The article is titled Trump or Biden? What’s a Catholic voter to do? and the author is Thomas Reese, an accomplished Jesuit priest. Depending in large part on one’s experience with Jesuit writings, one might expect either a profoundly meaningful discussion of the issue or, in contrast, a crafty, evasive, deceptive one. (The latter characteristics are one historical definition of “Jesuitical.”)
The author begins by framing the issue to be discussed: “With the choice of Joe Biden as the Democratic nominee for president of the United States, American Catholics are fighting over whether Biden can be called a Catholic politician. Connected to this question is another: ‘Can a Catholic vote for Biden?’” [Emphasis added]
He then lists six different types of Catholic politician, the differences concerning which Catholic leaders the politician follows—pope, bishops, or neither—and which specific Catholic teachings he/she supports. Biden is classified by the first and simplest of these definitions, “a politician who happens to be Catholic.”
Next, the author proceeds to present a goodly amount of information purportedly relevant to whether a Catholic can vote for Biden. It mentions how many Catholics in Congress are in the same classification as Biden and explains the broad range of sinfulness they can be guilty of while still being appropriately classified as Catholic. He then zooms backward in time to Roman persecutions of Christians, fast-forwards to fear-based opposition to JFK in the 1960 presidential campaign, and then makes a quick back-turn to the anti-Catholic opposition to Al Smith in 1928.
The Depression and New Deal, the author notes, caused many Catholics to become Democrats, but in the aftermath of WWII, many “white Catholics abandoned the party of their parents and became Republican.”
At this juncture, fully a third of the way into the article, the reader has received much information, but none of it addresses “Can a Catholic vote for Biden?”
The author now turns to the Catholic hierarchy, and readers are no doubt more than ready to learn how bishops and the pope should help Catholic voters make election decisions. Alas, what they actually learn is that not much help is likely to occur because the hierarchy are “much too liberal for Republicans” on some issues, and “much too conservative for Democrats” on others.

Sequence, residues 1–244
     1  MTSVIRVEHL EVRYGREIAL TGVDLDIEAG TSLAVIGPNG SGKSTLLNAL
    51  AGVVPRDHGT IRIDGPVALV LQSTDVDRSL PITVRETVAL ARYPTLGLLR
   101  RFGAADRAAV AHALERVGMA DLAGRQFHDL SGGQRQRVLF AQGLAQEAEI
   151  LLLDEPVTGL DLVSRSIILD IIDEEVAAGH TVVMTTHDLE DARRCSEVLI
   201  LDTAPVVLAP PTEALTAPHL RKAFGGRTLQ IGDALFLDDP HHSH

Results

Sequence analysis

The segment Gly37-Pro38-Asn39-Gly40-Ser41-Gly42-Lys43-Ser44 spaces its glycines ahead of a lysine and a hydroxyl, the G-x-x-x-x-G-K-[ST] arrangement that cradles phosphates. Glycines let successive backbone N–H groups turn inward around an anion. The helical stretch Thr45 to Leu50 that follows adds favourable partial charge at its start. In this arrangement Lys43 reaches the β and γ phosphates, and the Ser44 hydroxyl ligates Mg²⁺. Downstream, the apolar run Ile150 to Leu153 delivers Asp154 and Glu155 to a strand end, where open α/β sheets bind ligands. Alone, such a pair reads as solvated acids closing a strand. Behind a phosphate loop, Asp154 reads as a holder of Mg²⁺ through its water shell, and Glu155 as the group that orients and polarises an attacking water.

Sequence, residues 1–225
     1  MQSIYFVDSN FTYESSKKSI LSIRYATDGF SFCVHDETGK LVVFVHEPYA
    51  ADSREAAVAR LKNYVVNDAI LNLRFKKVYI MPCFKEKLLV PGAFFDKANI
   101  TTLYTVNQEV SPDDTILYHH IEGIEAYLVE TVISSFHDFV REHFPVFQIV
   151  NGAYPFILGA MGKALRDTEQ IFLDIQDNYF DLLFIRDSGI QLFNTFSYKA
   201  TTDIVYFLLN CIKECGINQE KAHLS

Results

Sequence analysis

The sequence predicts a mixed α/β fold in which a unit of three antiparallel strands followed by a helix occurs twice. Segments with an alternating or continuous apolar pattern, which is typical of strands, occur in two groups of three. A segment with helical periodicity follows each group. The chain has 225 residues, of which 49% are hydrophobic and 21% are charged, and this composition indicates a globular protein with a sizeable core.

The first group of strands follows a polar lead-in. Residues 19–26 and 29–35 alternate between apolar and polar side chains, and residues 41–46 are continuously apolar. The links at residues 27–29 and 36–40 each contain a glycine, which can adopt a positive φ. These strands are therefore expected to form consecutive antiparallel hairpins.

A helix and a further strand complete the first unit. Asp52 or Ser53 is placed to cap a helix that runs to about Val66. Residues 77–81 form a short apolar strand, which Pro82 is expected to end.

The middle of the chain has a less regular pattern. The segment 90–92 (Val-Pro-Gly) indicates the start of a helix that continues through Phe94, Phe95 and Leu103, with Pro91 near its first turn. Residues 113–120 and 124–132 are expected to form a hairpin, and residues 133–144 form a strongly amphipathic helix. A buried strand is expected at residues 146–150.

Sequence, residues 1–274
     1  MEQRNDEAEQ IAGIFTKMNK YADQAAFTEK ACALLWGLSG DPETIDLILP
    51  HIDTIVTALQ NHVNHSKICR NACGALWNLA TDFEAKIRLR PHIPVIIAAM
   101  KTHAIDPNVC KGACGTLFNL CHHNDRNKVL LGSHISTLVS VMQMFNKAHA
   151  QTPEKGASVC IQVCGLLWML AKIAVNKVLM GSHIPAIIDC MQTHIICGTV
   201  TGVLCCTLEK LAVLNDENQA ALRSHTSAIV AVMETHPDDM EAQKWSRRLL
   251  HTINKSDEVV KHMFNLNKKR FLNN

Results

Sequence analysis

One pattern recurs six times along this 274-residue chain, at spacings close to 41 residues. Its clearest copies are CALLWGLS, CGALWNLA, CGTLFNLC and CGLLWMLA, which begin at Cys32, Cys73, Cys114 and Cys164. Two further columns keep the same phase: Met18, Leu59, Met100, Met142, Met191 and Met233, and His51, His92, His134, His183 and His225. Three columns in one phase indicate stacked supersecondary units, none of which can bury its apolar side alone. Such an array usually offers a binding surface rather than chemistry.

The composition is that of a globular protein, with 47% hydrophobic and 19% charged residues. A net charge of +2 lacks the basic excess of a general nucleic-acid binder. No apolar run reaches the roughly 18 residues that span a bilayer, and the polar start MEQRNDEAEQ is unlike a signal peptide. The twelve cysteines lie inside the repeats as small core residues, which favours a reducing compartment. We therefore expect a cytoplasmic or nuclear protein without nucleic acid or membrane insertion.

At this point the author shifts his focus from the hierarchy to the politicians who are seeking to gain or retain office. After suggesting it is virtually impossible for politicians to be “totally in line with the bishops and the pope,” he raises this question: “If hardly any politicians embrace the full spectrum of Catholic social teaching, what is a voter to do?” [Emphasis added]
There is that question again, still tantalizing, still unanswered.
At this point the author takes a different—and quite revealing—tack in suggesting, not what voters should do, but what he believes they actually do:
“Catholic Democrats argue in favor of candidates who embrace most of Catholic social teaching, even if they support the legalization of abortion and gay marriage . . . Catholic Republicans argue in favor of candidates who are against abortion and gay marriage, even if they reject most of Catholic social teaching . . . . “ [Emphasis added]
The structure of this passage is crafty in that it hides the central idea being conveyed. That central idea becomes clear by reading only the bold type. The idea is that Democrat candidates are more faithful Catholics than Republican candidates are. Any such idea requires the support of evidence, of course, so simply embedding it in a cleverly constructed statement is therefore inappropriate and, one could fairly argue, intellectually dishonest.